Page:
Behind the daily death figures, there is a more complicated picture of the impact of Covid-19 in Australia that raises questions about whether Covid could be causing more deaths from ischaemic heart disease, cerebrovascular disease and dementia.
As cases exploded after the emergence of the Omicron variant, the number of Covid deaths similarly rose, with more than 80% of Australia’s total Covid deaths occurring in 2022.
There has also been an increase in the proportion of people who died with Covid as a contributing cause of death, rather than as the primary cause of death:
The difference between these groups is important – due to some previous misinterpretation of the figures – and so is the contribution of pre-existing chronic conditions.
The Australian Bureau of Statistics (ABS) tracks Covid mortality in a monthly report, and divides Covid deaths into “deaths due to Covid” and “Covid-related deaths”.
Deaths due to Covid accounts for the vast majority of deaths during the pandemic, and includes any death where Covid was considered to be the underlying cause of death. This includes deaths that had other associated conditions listed on the death certificate, such as pneumonia due to Covid or pre-existing chronic conditions.
Covid-related deaths includes deaths where the person either died with Covid, or had complications from a previous Covid infection but the virus was not the underlying cause of death. Importantly, the ABS said that while Covid did not directly cause the death of these people, it was still considered to have contributed to the death.
Prof Roger Byard, a forensic pathologist from the University of Adelaide, said it’s very difficult to know how much Covid contributed to death in these instances without knowing the full details of each case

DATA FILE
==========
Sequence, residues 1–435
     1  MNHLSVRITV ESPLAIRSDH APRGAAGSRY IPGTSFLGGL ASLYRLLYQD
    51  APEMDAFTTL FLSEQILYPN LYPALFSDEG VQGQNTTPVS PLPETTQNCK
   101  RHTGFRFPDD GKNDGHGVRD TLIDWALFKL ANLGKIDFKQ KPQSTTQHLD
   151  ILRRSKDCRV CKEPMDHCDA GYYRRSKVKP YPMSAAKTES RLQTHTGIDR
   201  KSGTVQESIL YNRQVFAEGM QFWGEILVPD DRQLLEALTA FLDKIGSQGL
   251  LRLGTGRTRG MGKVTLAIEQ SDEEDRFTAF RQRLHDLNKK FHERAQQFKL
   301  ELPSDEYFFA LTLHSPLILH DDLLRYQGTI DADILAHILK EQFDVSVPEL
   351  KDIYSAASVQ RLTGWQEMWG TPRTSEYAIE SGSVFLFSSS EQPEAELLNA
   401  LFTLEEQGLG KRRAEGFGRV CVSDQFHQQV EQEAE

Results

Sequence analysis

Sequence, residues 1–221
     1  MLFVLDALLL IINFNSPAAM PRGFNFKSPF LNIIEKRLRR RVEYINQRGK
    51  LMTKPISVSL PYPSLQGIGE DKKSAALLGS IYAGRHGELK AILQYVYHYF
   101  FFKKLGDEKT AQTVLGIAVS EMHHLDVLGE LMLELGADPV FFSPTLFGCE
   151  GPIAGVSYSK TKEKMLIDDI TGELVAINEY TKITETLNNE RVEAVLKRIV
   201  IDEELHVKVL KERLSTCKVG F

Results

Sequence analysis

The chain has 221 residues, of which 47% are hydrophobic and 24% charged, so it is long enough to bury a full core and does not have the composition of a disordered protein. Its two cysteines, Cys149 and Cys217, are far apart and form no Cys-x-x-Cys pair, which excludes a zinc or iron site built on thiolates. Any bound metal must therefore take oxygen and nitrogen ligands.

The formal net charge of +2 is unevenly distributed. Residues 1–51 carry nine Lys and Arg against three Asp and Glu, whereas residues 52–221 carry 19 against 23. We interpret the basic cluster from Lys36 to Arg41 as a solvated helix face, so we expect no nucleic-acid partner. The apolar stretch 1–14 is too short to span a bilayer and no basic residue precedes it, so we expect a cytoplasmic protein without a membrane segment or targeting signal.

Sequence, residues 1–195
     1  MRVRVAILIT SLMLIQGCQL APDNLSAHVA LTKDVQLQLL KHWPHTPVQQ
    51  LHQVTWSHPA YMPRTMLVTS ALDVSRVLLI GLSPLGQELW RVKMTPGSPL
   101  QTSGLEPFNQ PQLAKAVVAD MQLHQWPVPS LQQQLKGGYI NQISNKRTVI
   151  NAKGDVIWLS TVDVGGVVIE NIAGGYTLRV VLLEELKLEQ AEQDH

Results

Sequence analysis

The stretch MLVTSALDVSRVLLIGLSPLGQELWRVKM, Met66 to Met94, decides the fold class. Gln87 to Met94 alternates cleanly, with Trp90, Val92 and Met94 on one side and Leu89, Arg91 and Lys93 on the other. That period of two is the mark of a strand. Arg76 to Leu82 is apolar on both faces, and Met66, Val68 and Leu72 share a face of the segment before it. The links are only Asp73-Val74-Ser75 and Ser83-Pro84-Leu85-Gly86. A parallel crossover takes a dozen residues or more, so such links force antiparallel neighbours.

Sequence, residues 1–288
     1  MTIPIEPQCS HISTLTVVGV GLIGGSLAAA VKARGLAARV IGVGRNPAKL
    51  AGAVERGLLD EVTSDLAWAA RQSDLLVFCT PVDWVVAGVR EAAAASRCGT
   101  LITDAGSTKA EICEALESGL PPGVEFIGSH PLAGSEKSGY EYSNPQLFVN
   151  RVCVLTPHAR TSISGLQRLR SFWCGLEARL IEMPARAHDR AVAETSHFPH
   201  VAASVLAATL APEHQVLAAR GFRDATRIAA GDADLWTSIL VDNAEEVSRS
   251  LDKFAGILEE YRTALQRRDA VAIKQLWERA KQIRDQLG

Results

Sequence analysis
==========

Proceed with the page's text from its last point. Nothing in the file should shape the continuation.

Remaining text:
“You’ve got the whole spectrum of Covid causing the disease [listed as the cause of death], Covid contributing to the disease, and Covid not being related to the disease, and there’s grey zones in all of those areas,” he said.
Gideon Meyerowitz-Katz, an epidemiologist at the University of Wollongong, said interpreting the increasing proportion of deaths with Covid was complicated.
“It is possible that the increasing number of deaths where Covid-19 is listed as a co-morbidity rather than a contributing factor to death is simply because the prevalence of Covid is so high, so there are more people who are already dying who are categorised as having Covid-19,” he said.
“It’s also possible that this indicates a reduction in the overall severity, perhaps due to vaccination, and that what’s happening is that Covid-19 is then less fatal than before.”
Another way to measure the impact of Covid is to look at excess deaths – that is, how the number of deaths in a given time period compares with how many deaths we might have expected in that time period based on a model using deaths from previous years without Covid.
In Australia, the Actuaries Institute has been estimating excess deaths using data published by the ABS. This chart shows their latest analysis on excess deaths throughout the pandemic: